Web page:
New Delhi: World sparrow Day is celebrated each year on the 20th of March. Nature Forever Society of India and the Eco-Sys Action foundation of France came up with the idea of the “World Sparrow Day”. The first World Sparrow Day was organised in 2010. The idea was to dedicate a day for the house sparrow in order to spread the word about its protection.
We remember the sparrow from our childhood days. They used to reside in colonies in nearly every house in the neighbourhood as well as public locations surviving on food grains and tiny worms. For many of us, the house sparrow evokes many wonderful memories. We would wake up in the morning by the sound of chirping of these birds. One could see these all around, some playing in the mud, a few flying with twigs in their beaks for making the nests in the breeding season.
It was a pleasure to observe the sparrows. Unfortunately, these birds are fast becoming extinct, and their populations are rapidly declining. There are multiple reasons for the decline in the house sparrows. The link between urbanisation and changing architecture may have played a key role in making the sighting of the house sparrow rare over the last couple of decades. The massive felling of trees to construct concrete structures, replacing the native shrubs with ornamental palm trees.
Radiation from mobile towers, use of insecticides and pesticides in farms and the emission of harmful gases are some factors responsible for the diminishing sparrow numbers.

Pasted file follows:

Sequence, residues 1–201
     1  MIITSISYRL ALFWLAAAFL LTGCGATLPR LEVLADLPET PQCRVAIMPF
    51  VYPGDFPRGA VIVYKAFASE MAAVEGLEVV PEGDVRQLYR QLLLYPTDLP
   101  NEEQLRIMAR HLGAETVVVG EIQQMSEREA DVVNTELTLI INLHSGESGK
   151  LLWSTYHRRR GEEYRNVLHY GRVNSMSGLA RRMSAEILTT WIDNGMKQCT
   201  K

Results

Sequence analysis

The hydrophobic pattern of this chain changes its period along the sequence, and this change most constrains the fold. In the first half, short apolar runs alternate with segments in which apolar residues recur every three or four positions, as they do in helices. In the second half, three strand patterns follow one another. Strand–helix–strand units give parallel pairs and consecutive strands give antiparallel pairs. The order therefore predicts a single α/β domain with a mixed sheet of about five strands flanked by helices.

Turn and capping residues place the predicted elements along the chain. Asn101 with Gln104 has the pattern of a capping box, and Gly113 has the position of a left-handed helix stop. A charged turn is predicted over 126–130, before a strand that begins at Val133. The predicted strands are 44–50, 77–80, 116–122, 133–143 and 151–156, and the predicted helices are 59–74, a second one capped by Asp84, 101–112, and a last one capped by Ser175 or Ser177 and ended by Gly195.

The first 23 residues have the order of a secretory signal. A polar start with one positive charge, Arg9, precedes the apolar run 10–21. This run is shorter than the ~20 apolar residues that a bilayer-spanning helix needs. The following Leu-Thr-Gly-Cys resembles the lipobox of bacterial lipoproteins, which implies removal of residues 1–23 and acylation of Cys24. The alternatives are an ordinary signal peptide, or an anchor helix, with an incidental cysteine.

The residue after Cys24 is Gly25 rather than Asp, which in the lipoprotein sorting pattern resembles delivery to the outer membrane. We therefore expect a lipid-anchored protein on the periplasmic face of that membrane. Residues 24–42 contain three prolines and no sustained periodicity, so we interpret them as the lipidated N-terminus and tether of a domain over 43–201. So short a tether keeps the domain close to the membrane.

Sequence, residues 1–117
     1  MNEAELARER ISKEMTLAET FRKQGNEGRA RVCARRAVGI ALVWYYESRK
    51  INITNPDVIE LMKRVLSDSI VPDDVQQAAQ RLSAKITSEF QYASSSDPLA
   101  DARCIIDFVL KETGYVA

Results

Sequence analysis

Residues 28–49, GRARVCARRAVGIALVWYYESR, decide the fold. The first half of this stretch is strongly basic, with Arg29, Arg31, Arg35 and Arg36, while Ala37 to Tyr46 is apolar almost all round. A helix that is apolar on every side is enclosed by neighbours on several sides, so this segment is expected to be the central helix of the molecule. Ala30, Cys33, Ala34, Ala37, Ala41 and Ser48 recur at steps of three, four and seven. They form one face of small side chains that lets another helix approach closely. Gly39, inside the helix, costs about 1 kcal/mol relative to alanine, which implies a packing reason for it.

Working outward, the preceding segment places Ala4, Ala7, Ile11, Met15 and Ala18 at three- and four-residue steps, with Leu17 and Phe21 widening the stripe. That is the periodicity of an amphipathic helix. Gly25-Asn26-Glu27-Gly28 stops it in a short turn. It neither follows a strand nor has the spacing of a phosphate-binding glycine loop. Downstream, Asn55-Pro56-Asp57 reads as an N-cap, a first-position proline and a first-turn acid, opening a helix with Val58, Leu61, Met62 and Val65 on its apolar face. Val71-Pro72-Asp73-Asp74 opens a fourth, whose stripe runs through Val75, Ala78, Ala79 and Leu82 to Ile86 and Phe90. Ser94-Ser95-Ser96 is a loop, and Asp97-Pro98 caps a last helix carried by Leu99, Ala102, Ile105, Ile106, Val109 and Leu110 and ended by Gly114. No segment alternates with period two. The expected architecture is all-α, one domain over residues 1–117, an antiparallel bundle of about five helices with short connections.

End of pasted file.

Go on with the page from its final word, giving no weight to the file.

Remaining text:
The sparrow was declared the state bird of Delhi in 2012. Rakesh Khatri, an environmentalist who runs Eco Roots Foundation, and is know as the “Nest Man of India” has built over 36000 nests for sparrows in the last decade. He mentions that if the nest is well made , with a tiny opening and is placed at a good height, sparrows will definitely inhabit it, within a few days.
This shows that sparrows are present in the vicinity, but, are just not able to find the right nesting place. The house sparrow is a granivore species. During the breeding time, it eats insects and feeds them to its nestlings for their protein requirements. The bird will naturally come to neighbourhood parks and lawns if there are adequate insects there.
Manicured Gardens act as a deterrent for these birds to come to these places. Bushes are the ideal nesting place for these birds, so houses with bushes or bougainvillea generally tend to attract the bird.
With ongoing efforts to revive the sparrow and bringing about an awareness about it, Delhi has recorded a high sparrow count in residential areas such as Mayur Vihar, Ashok Nagar, Dilshad Garden, Sarojini Nagar and Dwarka.
In the coming years, we hope to see our childhood avian friend chirping around us in much larger numbers and human beings more sensitive to their needs.
Written by Environmentalist, Simarjeet Chadha